This is correct, but I don't think we can say that there is the same consensus that On the Genealogy of Morals is a work of sustained brilliance and power; I think it is, but not everyone who counts as a Nietzsche scholar likes Nietzsche. I also wouldn't go so far as to call it his masterpiece, it being presented as an addendum to Beyond Good and Evil. RJC TalkContribs 20:06, 12 November 2008 (UTC)
[edit-conflicted]I think you are selectively quoting from NPOV, Alcmaeonid. As much as I agree with the sentiments of the scholars quoted, the assessment that the Genealogy is "a work of sustained brilliance and power" is an opinion, not a fact. Per WP:ASF: "When we discuss an opinion, we attribute the opinion to someone and discuss the fact that they have this opinion. For instance, rather than asserting that "The Beatles were the greatest band ever", locate a source such as Rolling Stone magazine and say: "Rolling Stone said that the Beatles were the greatest band ever", and include a reference to the issue in which that statement was made. Likewise, the statement "Most people from Liverpool believe that the Beatles were the greatest band ever" can be made if it can be supported by references to a particular survey; a claim such as "The Beatles had many songs that made the UK Singles Chart" can also be made, because it is verifiable as fact. The first statement asserts a personal opinion; the second asserts the fact that an opinion exists and attributes it to reliable sources." With respect, it's clear cut. the skomorokh 20:09, 12 November 2008 (UTC)
Gentlemen, I yield to your judgment. Please adjust the lead section as you see fit. Permit me though to also point out that the sentence under discussion is the only cited & referenced statement in the entire article, an article that reads like a undergraduate essay. Much work needs to be done here. ~ Alcmaeonid (talk) 15:14, 13 November 2008 (UTC)
Aye, as usual we are guilty of quibbling over minor details instead of addressing the greater issues involved. Thanks for your consideration Alcmaeonid. the skomorokh 17:16, 13 November 2008 (UTC)
Too true. RJC TalkContribs 00:13, 14 November 2008 (UTC)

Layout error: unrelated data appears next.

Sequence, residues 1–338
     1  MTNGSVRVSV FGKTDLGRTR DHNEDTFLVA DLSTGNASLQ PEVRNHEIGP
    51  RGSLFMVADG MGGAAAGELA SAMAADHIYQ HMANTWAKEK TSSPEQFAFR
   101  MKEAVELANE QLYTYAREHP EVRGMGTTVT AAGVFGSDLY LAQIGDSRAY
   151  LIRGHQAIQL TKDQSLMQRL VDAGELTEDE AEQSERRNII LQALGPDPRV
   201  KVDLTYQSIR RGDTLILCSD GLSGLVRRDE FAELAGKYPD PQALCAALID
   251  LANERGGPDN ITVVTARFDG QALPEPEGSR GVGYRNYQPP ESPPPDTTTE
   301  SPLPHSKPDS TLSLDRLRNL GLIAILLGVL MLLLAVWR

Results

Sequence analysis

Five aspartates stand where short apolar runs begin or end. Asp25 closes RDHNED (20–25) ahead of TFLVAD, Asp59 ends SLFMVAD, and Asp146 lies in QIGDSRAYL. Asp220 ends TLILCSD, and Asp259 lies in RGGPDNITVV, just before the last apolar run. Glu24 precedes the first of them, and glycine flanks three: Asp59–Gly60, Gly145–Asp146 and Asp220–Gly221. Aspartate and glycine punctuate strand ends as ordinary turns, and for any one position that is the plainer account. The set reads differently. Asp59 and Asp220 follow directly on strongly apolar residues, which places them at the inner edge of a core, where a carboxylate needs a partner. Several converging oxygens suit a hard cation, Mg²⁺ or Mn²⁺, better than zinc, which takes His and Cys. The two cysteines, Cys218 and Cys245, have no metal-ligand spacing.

Wikipedia articles are "Wertfrei," or "value–free."Lestrade (talk) 23:07, 30 April 2010 (UTC)Lestrade

Socrates: "What do you mean by the word 'brilliant,' Vipmonides? And how was 'power' manifested?"
Vipmonides: "To be sure, can you tell me, Socrates?"

Lestrade (talk) 01:40, 5 February 2011 (UTC)Lestrade

Title of Second Essay[edit]

I've changed the title of the second essay from "'Guilt,' 'Bad Conscience," and the Related Matters," to "... and the Like" because this is the better translation; it is used by Kaufmann and others. It is superior to the previous translation; it contextualizes the problems to be discussed, stressing the connection to Nietzsche's Platonic and Aristotelian precursors for whom "the Like" was discussed as if it were an actual, substantial thing (this is perhaps not necessary to insert into this discussion, but I'll just say it anyway, as I'd rather avoid affording you twits an opportunity to chuckle about the "backwards" thinking of the Greeks - such discussions, conducted by Nietzsche's Greek forbears, discussed "the Like" as if it were a substantial "thing" for pedagogical reasons, and never imagined it to inhabit Mars or the Big Dipper). You may easily confirm for yourselves the importance of the "the Like," selfsameness, and identity generally in the essay - consult the text: the final sentence of the first chapter, the second sentence of the second chapter, and many others besides will assure you. —Preceding unsigned comment added by 67.42.134.103 (talk) 03:09, 13 June 2010 (UTC)

Hmm... that isn't really a sufficient enough reason, nor does it square with the German "Verwandtes", stemming from verwandt meaning related which has strong associations with family relations (genealogy). In addition, Nietzsche expresses in the text a fairly profound dislike for Plato. The Cambridge translations correct a number of errors made by Kaufmann, and they use the title "Related matters" and don't have a like among like in the second sentence of the second section like Kaufmann does. A quick consultation of the original German suggests that in the first section, the phrase is "Vorstellung" and under the second it's "gleich unter den Gleichen" (equal amongst equals in Cambridge, although it's ambiguous: could express equivalence or similitarity). In any case, I don't think your argument is ueberwiegend stark, and given that I don't actually see a discussion of "the Like" in the essay, I'm not sure that it's convincing. For someone writing about Nietzsche, you could stand to be a bit more of a philologist and consult the German. 89.247.18.145 (talk) 13:12, 13 February 2011 (UTC)

Influence[edit]

Is it possible that Nietzsche partly influenced Nozick's philosophical work 'Invariances' in the last section title The Genealogy of Ethics? —Preceding unsigned comment added by 174.119.233.105 (talk) 18:41, 7 November 2010 (UTC)

"English Psychologists"[edit]

Nietzsche's term "English Psychologists" refers to the Utilitarians whom he paralleled with Christianity Kantianism. — Preceding unsigned comment added by Carlon (talkcontribs) 20:33, 6 April 2011 (UTC)